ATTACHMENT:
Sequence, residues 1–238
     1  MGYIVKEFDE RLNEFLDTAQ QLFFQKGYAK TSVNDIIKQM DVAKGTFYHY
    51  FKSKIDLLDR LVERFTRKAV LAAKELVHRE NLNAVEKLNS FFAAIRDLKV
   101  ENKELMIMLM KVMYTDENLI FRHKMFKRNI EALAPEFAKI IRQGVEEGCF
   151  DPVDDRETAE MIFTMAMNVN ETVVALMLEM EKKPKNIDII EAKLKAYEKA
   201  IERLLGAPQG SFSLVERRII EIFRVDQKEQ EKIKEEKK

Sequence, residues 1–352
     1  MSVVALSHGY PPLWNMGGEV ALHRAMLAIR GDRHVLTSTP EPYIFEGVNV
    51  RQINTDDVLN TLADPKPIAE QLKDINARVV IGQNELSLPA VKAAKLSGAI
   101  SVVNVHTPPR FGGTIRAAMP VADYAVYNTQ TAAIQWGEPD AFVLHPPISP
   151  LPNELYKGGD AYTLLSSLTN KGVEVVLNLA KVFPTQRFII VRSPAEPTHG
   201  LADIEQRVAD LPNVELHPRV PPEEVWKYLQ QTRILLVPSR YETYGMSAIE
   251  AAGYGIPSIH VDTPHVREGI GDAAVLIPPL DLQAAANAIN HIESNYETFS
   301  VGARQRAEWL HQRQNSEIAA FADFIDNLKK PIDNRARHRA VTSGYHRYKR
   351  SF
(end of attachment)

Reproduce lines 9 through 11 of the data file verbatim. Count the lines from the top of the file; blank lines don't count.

    51  RQINTDDVLN TLADPKPIAE QLKDINARVV IGQNELSLPA VKAAKLSGAI
   101  SVVNVHTPPR FGGTIRAAMP VADYAVYNTQ TAAIQWGEPD AFVLHPPISP
   151  LPNELYKGGD AYTLLSSLTN KGVEVVLNLA KVFPTQRFII VRSPAEPTHG